I believe that we have now entered a third phase since the inception of digital marketing.  The first phase was a technical one, the second was built around design and creativity and this third phase is characterised by the democratisation of content.   In the nineties when businesses first launched commercial web sites you hade to be a programmer or coder to build a website.  The industry was wholly reliant on technicians.  Specialist agencies sprang up and clients were in their thrall and people had to place their trust entirely in the hands of digital specialists.  Over time coding became more commoditised and new programmes allowed the less technical to do more and more.  The creative and design community started to be able to exert more of an influence.  The look and feel as well as the functionality of a website becomes more important.  In this second phase designers and creatives gained pre-eminence in the field of digital marketing. 

The third wave of digital communications is characterised by user generated content and templated designs that can be adapted and customised  (like the Wordpress template for this blog)  and are now widely available. More importantly much of what we see on screen is originated in a space beyond the control of clients or agencies.  Content comes from lots of different places the skills that are important to the marketing function are not hard technical skills, nor are they predominantly aesthetic but they are the softer management skills of diplomacy and influence. In short these are the skills that PR people have always used in their interactions with traditional media.





Fear and Loathing

8 12 2008

 

Companies are waking up to what is happening with their brands and there is  concern in the boardroom.  To them the web 2.0 world is the wild west.  There are people staking claims, there are outlaws and there are wild rumours of huge fortunes.  This is a digital frontier where the laws of the old world do not apply and voices are raised against the might of the old corporations.  There are already celebrated examples of major brands and corporations capitulating in the face of on-line challenges like the David and Goliath battle between Jeff Jarvis and the mighty Dell. 

Because of this many businesses are fearful of Web 2.0.  They are starting to realise that the PR profession has a new role to play but they feel very uncomfortable about participating in an environment where the consumer talks back.   Ultimately the choice for organisations is a simple one, they either take part in these conversations or they don’t but the conversations won’t go away.  So ultimately there is no choice.   The consumer will demand that the corporate talks to them.  According to Brian Solis leading PR 2.0 evangelist  “Social Media is no longer an option or debatable. It is critically important to all businesses, without prejudice. It represents a powerful, and additional, channel to first listen to customers, stakeholders, media, bloggers, peers, and other influencers, and in turn, build two-way paths of conversations to them. ..in the process, you become a resource to the very people looking for leadership, expertise, vision, and also solutions… it’s measurable and absolutely tied to the bottom line.”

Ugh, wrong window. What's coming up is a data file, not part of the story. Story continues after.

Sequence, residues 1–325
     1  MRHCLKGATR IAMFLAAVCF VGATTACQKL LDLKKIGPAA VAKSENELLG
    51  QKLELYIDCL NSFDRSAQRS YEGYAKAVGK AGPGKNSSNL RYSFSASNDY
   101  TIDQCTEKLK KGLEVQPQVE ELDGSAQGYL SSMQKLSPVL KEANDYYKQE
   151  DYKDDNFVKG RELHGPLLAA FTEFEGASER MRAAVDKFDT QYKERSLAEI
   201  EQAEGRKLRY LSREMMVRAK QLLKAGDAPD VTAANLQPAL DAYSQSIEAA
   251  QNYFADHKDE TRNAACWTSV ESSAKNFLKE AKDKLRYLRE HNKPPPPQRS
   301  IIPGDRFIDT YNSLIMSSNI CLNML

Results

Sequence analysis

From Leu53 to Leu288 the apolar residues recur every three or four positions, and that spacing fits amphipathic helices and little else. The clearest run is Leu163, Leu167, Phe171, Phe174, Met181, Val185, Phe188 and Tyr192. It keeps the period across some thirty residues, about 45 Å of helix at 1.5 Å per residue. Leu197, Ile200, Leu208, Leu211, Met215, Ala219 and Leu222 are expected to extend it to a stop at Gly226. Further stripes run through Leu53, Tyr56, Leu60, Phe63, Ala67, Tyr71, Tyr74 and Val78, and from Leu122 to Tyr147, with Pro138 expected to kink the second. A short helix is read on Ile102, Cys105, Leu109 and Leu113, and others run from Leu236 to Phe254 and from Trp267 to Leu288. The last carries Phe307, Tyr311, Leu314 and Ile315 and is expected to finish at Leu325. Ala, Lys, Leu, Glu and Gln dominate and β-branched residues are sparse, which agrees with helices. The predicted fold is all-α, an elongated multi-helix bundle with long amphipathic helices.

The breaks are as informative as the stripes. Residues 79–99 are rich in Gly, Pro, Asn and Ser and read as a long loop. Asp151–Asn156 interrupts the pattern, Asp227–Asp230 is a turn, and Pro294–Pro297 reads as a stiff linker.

That is why companies like Dell,  Starbucks and Chrysler are actively talking and listening to their customers.





Changing Communications

29 11 2008

 

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We are experiencing a communications revolution that began in the 1960s with the birth of the pre-cursor to the internet, but entered a significant new phase in 2004 with the arrival of Web 2.0.  


This is an iteration of the web where ordinary users can add words, pictures, sounds and video.  A simple idea in theory which in practise signifies the transfer of control of the internet from the few to the many. It is the democratisation of the internet.    

The phrase web 2.0 was coined in 2004 but nothing fundamentally changed that year from a technological point of view.  The tools that were available to create Web 2.0 environments already existed.  What changed was the way that people started to view the internet.